A State Bank of India ATM in Mumbai (File photo)
State Bank of India on August 6 reported a net profit of Rs 6,068 crore for the June quarter, missing the Street estimates by a wide margin as treasury losses eroded profitability.
The average estimates of ten brokerages surveyed by Moneycontrol expected net profit at Rs 7,496 crore, a growth of 16 percent year-on-year (YoY). In contrast, India’s largest lender reported a drop of 6.7 percent in its profit after tax.
SBI has the largest portfolio of fixed income securities of which government securities form a big chunk. The sharp rise in bond yields during the April-June period meant that the lender had to incur huge losses in its trading book.
When bond yields rise, their prices come down. Banks are mandated to mark their investments to prevailing market prices and charge the gains or losses to the profit and loss account, also known as mark-to-market gains or losses.
The mark-to-market hit of Rs 6549 crore dragged SBI’s non-interest income down massively to a mere Rs 2,312 crore from Rs 11,802 crore in the year-ago quarter. This resulted in a fall of 32.8 percent in operating profit to Rs 12,753 crore for the quarter.
Chairman Dinesh Khara said the bank has taken measures to mitigate further losses from an increase in yields. “We now seem fully insulated from rising bond yields,” he said in a virtual press meet.
Beyond the treasury hit, SBI’s core performance was resilient.
Net interest income, the difference between the interest income the bank earns from its lending activities and the interest it paid to depositors, grew by a healthy 12.87 percent to Rs 31,196 crore for the June quarter on the back of a robust 14.9 percent loan growth and stable margins.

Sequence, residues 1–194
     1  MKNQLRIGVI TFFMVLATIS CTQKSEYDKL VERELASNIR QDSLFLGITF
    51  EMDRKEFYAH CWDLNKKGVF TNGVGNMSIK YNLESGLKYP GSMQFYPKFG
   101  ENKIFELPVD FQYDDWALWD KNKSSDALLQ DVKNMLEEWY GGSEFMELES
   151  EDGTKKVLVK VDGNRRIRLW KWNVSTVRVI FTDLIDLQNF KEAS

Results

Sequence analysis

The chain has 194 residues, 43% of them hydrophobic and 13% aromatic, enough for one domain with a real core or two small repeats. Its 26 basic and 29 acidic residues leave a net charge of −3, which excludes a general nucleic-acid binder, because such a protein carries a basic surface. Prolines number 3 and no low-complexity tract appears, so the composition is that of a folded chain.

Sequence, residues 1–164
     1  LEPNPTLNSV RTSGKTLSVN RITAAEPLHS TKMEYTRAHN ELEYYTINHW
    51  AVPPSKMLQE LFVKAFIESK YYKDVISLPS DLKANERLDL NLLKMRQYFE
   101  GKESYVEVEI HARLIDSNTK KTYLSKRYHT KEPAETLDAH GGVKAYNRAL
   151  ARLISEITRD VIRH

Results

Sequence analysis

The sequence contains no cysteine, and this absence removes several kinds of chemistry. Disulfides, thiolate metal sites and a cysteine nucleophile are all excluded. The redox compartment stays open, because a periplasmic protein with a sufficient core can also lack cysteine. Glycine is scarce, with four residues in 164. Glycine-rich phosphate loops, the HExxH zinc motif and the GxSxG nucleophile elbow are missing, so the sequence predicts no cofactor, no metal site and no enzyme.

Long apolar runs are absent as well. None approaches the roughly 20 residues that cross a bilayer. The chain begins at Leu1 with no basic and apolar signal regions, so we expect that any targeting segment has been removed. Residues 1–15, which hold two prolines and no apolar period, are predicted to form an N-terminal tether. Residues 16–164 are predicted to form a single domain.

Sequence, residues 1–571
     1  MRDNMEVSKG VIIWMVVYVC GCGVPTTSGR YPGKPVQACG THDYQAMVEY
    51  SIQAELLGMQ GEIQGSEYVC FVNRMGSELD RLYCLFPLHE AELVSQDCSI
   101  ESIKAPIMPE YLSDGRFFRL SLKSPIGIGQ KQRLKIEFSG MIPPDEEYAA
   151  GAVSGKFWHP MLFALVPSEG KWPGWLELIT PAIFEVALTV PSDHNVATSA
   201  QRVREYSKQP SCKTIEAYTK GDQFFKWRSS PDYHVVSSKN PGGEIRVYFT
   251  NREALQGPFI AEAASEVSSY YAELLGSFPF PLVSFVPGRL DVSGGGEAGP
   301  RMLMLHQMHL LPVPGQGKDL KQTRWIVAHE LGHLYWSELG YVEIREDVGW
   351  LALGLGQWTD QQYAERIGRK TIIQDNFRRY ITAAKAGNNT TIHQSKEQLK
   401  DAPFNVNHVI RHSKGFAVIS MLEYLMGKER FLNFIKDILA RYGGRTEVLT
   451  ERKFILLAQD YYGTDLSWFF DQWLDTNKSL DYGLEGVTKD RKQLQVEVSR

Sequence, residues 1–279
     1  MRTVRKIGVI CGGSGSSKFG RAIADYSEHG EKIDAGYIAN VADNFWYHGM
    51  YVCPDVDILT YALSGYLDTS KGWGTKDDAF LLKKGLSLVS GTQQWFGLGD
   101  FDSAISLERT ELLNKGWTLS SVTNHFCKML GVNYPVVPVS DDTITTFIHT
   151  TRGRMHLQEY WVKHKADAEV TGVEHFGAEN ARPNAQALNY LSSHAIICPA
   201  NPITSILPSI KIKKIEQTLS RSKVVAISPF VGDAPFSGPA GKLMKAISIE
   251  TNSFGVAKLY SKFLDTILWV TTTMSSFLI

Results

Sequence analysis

Provisions toward bad loans declined, as asset quality improved. Provisions declined 15 percent to Rs 4268 crore for the three months ended June 30, aiding net profit growth.
Balance sheet growth
SBI’s loan book showed a broad-based growth of 14.9 percent, as both corporate and retail loan books grew at a healthy pace.
Most analysts had expected the loan growth to be 14-15 percent for the quarter. Corporate loans grew by 10.57 percent YoY, while the retail book grew faster at 18.58 percent powered by strong growth in home loans.
Net interest margin (NIM) came in at 3.23 percent, an improvement of 8 basis points. One basis point is one-hundredth of a percentage point. That said, NIM was down sequentially.
As SBI’s loans earned it more interest due to lending rate hikes that the bank took during the quarter, growth in its low-cost deposits helped keep the cost of funds low.
Current and savings account deposits grew by 6.5 percent and formed 45.33 percent of the total deposit book. Deposits as a whole grew by 8.73 percent for the quarter.
SBI’s gross bad loans ratio improved from the year-ago period and its already strong provision cushion strengthened further.
The total pile of gross bad loans declined 15 percent from a year ago to Rs 1.13 lakh crore as of June end. Gross bad loans formed 3.91 percent of the loan book as against 5.32 percent in the same quarter of the previous financial year.
On a net basis, non-performing loans formed just 1 percent of the total loan book. Slippages, too, remained contained with the slippage ratio at 1.38 percent, down from 2.47 percent a year ago. Fresh slippages were down 37 percent to Rs 9,740 crore from Rs 15,666 crore a year ago.
That said, asset quality metrics weakened on a sequential basis. The slippage ratio was up 95 basis points from the previous quarter. In fact, June quarter slippages exceeded that of the previous three quarters put together.
Khara said the bank sees no challenges on asset quality, both from corporate and retail loans. Small business loans, though may pose some trouble if the recovery slows. The bank is targeting net bad loans to be 1 percent or less going forward.
The lender, however, won’t shun riskier loans by only underwriting top-rated entities, Khara said. “Our endeavour would be to keep credit costs low but we are very mindful that there is a risk involved and we cannot only underwrite AAA,” he said.
He added that mispricing of risk has come down as liquidity surplus in the banking system was coming down. Following the coronavirus pandemic, SBI warned that a surge in liquidity surplus due to an easy monetary policy could be leading to banks’ mispricing or underpricing riskier loans.
SBI aims to balance incremental risks arising out of lending towards small businesses or lower-rated companies. The bank has got board approval to raise Rs 11,000 crore capital to grow its loan book in FY23.